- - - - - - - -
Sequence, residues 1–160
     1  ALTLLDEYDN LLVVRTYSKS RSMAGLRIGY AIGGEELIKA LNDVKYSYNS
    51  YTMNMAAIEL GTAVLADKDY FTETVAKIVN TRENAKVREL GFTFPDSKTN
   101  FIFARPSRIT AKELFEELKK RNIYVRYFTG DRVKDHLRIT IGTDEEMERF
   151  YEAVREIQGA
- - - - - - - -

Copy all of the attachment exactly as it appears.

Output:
Sequence, residues 1–160
     1  ALTLLDEYDN LLVVRTYSKS RSMAGLRIGY AIGGEELIKA LNDVKYSYNS
    51  YTMNMAAIEL GTAVLADKDY FTETVAKIVN TRENAKVREL GFTFPDSKTN
   101  FIFARPSRIT AKELFEELKK RNIYVRYFTG DRVKDHLRIT IGTDEEMERF
   151  YEAVREIQGA